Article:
“An unspoiled frontier, an escape from industrialized Japan and a chance to connect with nature …” or so says the Rough Guide to Japan (6th edition, September 2014).
We had experienced a bit of the city-scene in Hakodate, but the rest of our sightseeing of this untamed island had been limited to flashes as we drove (albeit slowly at a max of 80 km/hr or 50 mph) to Akkeshi. All this changed as we headed north to our third Hokkaido field site.
Takefumi Yorisue, a researcher at the Akkeshi Marine Station, was our guide and translator.
I’ll digress from Gracilaria for a moment to talk a bit about Take’s research on barnacle settlement pheromones. The proteinaceous pheromone SIPC induces conspecific larval settlement. This gregarious settlement becomes important for reproductive success as adults.
Take found variation in the SIPC genes and this variation might produce species specificity (Yorisue et al. 2012, Biofouling 28: 605-611). SIPC genes might also enhance the selectivity of settlement sites and thereby impact incipient speciation.
Take has now found SIPC genes under positive selection and potential links to diversification and adaptation in barnacles.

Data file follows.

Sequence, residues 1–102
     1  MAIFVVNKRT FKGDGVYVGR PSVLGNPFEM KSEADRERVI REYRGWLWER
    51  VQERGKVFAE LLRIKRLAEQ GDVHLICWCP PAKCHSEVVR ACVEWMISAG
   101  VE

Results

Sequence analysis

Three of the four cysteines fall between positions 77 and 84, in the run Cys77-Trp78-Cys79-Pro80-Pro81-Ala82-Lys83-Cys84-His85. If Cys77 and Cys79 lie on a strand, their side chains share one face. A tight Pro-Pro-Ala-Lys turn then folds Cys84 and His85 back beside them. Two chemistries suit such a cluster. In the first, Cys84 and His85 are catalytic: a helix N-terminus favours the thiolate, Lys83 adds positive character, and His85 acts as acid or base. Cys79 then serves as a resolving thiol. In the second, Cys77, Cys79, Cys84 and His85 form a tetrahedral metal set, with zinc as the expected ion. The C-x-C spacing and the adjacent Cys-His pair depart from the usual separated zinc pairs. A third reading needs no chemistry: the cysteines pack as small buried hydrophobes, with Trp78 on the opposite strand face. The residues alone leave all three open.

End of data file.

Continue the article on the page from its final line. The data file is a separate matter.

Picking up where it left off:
Contact Take if you are interested in the future directions of his work (email@example.com).
Back to field work and more pictures!
Take, Rob and I headed north to Abashiri on the Okhotsk Sea. Tourists flock to this town 350 km from Sapporo in order to see the drift ice (流氷, Ryūhyō). In Abashiri and Monbetsu, it’s possible to board ice breakers and see the southernmost spot in the northern hemisphere where drift ice appears.
The ice had long broken up by the time we got to our field site near Abashiri. Nevertheless, conditions were not ideal as the tide did not wish to cooperate. We spanned out and all three of us were frantically grabbing Gracilaria before the tide completely covered the rocky outcrop and only accessible area!
We were then able to process our samples thanks to Dr. Susumu Chiba of the Tokyo University of Agriculture Laboratory of Fisheries Biology.
The next day we were not as lucky on the seaweed sampling front …
It was cold.
Not quite a gale, but when it’s warmer to be walking in the waves and you lose feeling in all extremeties, you know it’s cold.
The other added benefit of fording the angry brackish lake? It was possible to avoid some of the blasting sand.
After two hours of searching, I could only find approximately 30 thalli that looked like this:
Very sad seaweed and a very sad/cold Stacy. Rob and Take were better off having sought refuge in our rental car from the elements.
But, one of the great things about Japan are the konbini, or convenient stores!
They sell these little aluminum cans of super hot coffee. I was skeptical when we first encountered them. I couldn’t quite see the benefit of burning your hand for coffee that was less than noteworthy. This was until I realized the benefit of placing a can in each pocket to recover from near hypothermia!
With no seaweeds to process, we headed to the Shiretoko Peninsula, a UNESCO World Heritage Site.